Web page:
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ON5245

Original U.S. Army Indian Wars 4th Cavalry Chasseur Pattern Kepi

Regular price $995.00

Item Description

Original Item: Only One Available. This wonderful totally genuine United States Army 4th Cavalry kepi used circa the Indian Wars. This U.S. Army Model 1875 Chasseur Pattern Kepi features fabric of dark blue wool broadcloth. The crown stands 3" high at the front, 5.5 at the rear seam and the top is 4 3/4 in diameter, stiffened with a pasteboard beneath the lining. The body of the cap meets a band of wool seamed only at the back and stiffened with leather. The cap's interior is lined with black cotton. The leather sweatband is 1 3/8" wide.

The flat visor is original to the hat, and composed of black patent leather. It is edged with oilcloth that is stitched in place. The kepi has a brass number 4 insignia and crossed swords badge at front center, a braided gold strap with what appear to be NOS replacement eagle buttons.

The 4th was one of the most well known Cavalry regiments during the frontier phase of the United States. It was led for a dozen years by Colonel Ranald S. Mackenzie, whose first of many orders of business was to quell Comanche and Kiowa activity. W. B. Royall assumed command from the Captain Mackenzie in 1882 and a few years later the 4th Cavalry took part in the capture of Geronimo.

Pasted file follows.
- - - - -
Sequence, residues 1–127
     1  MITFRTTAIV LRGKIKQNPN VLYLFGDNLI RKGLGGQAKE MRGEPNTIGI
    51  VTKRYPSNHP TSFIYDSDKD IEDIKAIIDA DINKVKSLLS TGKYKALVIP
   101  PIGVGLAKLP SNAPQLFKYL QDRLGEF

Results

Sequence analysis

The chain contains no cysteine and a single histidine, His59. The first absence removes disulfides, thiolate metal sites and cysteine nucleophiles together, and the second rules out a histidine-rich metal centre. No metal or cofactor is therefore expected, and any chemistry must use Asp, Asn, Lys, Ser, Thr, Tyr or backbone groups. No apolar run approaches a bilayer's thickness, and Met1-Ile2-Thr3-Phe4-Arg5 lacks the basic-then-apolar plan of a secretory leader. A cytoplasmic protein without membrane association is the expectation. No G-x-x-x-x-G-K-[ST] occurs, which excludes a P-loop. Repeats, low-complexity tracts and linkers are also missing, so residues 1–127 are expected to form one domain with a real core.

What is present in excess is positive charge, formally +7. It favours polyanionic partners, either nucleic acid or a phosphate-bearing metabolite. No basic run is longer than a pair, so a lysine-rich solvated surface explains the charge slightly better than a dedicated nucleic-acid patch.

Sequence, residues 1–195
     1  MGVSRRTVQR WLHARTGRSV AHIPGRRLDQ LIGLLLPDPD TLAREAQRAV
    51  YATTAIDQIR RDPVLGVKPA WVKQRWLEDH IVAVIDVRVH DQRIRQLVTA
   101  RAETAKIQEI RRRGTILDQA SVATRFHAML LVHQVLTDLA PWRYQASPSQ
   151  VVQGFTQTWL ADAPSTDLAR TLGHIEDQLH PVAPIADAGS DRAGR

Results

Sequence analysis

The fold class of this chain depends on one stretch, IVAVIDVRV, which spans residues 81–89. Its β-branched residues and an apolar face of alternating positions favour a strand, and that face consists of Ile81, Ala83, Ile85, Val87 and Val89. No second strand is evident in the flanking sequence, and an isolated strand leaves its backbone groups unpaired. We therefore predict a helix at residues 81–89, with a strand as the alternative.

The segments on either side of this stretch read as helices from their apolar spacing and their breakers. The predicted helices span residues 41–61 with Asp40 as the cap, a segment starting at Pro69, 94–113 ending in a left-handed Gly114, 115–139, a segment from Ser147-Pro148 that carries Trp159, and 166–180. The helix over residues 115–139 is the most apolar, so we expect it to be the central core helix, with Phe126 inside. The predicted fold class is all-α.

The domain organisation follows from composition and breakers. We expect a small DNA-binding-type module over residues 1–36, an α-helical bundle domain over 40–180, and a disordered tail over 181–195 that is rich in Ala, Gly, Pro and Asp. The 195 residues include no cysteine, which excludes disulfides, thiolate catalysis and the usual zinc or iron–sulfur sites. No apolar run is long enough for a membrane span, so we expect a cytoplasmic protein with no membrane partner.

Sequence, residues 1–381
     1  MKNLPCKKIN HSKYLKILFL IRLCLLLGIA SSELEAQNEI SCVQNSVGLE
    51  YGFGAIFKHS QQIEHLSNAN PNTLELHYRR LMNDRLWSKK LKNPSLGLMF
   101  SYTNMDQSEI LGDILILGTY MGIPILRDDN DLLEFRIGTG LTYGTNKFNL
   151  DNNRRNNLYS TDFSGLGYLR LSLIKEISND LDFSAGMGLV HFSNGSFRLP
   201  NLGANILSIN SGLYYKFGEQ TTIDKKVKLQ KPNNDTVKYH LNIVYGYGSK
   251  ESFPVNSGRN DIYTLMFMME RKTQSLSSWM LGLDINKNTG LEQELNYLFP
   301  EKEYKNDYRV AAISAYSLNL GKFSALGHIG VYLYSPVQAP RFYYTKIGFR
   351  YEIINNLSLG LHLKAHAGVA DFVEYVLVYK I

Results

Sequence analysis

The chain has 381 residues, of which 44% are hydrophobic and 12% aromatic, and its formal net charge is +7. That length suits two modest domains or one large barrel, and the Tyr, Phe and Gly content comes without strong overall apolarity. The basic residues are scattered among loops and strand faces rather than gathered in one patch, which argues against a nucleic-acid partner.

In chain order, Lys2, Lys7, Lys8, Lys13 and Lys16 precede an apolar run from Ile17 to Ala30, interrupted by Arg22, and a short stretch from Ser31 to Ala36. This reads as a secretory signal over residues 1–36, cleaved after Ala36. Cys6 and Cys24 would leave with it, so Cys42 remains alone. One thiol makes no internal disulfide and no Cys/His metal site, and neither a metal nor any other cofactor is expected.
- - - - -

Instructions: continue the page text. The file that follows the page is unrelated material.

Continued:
In August 1865, the 4th Cavalry was sent to Texas. At various times during the next thirteen years, units from its twelve companies occupied military posts between the Rio Grande and Jacksboro, and between San Antonio and San Angelo. {See Fifth Military District for reports of the 4th Cavalry in Texas between 1867-1869}. Before 1871, the operations of the regiment were limited to guarding the mail and settlements against Indians and to desultory attempts to overtake bands of Indian raiders. The regiment's commander during this period, Col. Lawrence Pike Graham, never had to lead a major campaign, and none of the regiment's fourteen skirmishes with Indians was of major significance.